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4Moms: Teens grieve the loss of loved ones in their own way

August 16, 2013|By Mary MacVean

Teenagers grieve the loss of loved ones in particular ways that reflect their sense of invincibility and their efforts to grow into adulthood, psychologist Moises Rodriguez said.

In another of a series of The Times parenting conversations called 4Moms, Rodriguez shared insights into the teenage perspective on loss and offered some ways parents can help them cope.

Teens, as they develop their own identities, might not be as close to their families as to their peers, said Rodriguez, who works in the division of adolescent medicine at Children's Hospital Los Angeles. If a grandparent dies, that could bring the teen closer to relatives as they mourn the loss. It also could arouse feelings of guilt.

"Having a sense of guilt can be a huge issue. There's a lot of pain or remorse," he said. "I wasn't around, my grandma used to call me, try to get ahold of me and perhaps there's no longer the opportunity to do that."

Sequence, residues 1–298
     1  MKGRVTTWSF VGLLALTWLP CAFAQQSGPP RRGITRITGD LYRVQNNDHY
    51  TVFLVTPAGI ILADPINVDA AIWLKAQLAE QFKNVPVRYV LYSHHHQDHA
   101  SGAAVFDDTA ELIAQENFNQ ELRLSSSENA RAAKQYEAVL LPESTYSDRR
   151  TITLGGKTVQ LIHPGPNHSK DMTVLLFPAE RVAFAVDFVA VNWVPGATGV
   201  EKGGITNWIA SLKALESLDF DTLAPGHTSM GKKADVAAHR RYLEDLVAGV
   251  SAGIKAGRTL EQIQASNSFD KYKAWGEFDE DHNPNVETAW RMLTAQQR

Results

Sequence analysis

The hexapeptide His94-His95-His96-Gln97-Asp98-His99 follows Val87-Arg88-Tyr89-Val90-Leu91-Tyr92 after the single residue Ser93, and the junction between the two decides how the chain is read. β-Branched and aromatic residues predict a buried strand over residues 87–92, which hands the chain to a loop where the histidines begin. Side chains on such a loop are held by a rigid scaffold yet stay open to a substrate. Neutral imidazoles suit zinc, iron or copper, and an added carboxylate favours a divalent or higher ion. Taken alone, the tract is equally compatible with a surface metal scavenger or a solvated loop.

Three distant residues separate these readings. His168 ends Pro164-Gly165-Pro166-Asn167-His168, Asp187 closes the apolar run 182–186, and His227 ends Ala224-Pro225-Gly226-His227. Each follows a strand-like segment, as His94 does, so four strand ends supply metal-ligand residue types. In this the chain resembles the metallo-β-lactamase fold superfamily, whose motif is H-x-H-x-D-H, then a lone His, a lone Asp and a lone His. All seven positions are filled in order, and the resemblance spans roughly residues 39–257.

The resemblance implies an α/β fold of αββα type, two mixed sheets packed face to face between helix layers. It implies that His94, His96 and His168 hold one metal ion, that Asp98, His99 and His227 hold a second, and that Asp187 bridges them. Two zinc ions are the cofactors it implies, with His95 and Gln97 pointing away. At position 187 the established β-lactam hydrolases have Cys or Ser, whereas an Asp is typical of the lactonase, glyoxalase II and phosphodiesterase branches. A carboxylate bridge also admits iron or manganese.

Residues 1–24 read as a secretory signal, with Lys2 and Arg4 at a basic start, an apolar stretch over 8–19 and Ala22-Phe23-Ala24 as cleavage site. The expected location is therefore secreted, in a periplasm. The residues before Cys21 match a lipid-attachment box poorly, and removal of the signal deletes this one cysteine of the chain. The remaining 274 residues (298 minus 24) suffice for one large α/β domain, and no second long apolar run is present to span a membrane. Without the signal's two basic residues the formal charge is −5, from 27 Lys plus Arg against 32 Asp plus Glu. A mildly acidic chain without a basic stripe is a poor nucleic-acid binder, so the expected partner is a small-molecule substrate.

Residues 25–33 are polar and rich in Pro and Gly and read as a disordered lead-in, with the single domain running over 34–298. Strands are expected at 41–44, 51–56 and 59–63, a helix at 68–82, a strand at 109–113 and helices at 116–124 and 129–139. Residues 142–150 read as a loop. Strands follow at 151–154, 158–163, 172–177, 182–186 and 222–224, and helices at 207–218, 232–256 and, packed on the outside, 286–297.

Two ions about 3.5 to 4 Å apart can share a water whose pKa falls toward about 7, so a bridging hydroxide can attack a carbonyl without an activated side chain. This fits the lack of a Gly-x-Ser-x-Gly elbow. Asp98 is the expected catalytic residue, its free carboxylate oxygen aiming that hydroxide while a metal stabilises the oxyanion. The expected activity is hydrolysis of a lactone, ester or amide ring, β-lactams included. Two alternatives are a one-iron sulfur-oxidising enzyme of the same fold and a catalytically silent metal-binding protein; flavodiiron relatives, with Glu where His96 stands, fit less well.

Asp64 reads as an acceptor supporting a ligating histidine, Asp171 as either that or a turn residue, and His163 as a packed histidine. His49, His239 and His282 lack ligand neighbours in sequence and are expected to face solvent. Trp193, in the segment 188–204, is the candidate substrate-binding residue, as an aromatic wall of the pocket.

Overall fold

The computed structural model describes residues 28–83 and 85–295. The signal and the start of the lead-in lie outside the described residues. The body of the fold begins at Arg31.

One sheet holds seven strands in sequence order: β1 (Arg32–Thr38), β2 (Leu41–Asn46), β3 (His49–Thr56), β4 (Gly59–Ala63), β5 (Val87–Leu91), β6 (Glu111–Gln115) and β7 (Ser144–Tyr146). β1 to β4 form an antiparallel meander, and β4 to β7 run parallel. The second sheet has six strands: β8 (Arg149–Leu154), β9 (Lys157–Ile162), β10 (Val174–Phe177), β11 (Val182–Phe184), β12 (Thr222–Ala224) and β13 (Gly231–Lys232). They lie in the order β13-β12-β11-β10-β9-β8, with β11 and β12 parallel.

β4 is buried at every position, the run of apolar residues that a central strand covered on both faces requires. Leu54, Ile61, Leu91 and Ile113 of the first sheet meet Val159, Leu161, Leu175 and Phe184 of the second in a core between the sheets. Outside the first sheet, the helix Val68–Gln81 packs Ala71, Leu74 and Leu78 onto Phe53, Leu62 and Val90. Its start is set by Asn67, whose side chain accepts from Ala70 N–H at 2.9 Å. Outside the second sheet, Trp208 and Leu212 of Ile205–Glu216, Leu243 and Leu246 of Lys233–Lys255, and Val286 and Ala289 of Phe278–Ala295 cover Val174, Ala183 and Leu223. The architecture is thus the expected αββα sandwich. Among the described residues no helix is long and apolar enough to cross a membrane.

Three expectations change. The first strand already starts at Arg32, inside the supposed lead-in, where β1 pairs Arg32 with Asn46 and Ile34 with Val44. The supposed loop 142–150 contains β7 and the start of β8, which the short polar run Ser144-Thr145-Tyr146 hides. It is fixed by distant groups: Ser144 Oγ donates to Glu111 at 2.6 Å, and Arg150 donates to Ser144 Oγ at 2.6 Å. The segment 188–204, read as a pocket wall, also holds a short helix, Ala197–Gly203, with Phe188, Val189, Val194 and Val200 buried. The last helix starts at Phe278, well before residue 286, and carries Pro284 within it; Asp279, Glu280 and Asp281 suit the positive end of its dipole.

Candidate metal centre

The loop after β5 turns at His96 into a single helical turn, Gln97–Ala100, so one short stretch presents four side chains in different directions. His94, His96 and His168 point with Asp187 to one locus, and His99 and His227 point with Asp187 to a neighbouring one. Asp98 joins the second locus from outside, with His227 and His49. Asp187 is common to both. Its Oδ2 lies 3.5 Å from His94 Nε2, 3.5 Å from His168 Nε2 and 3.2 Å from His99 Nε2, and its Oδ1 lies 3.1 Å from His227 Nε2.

It can be very jarring for a teenager to lose a peer. They don't feel that bad things will happen to them, Rodriguez said, and they can be forced to consider their own mortality.

"It also depends on their world views and the environment that they live in and a sense of safety that they have. That can depend on the neighborhood that they live in and how many of their peers have passed away. Was it through violent means?" he said.

Rodriguez also talked about the role of religion, and offered some ways that parents can open an honest conversastion with their children.


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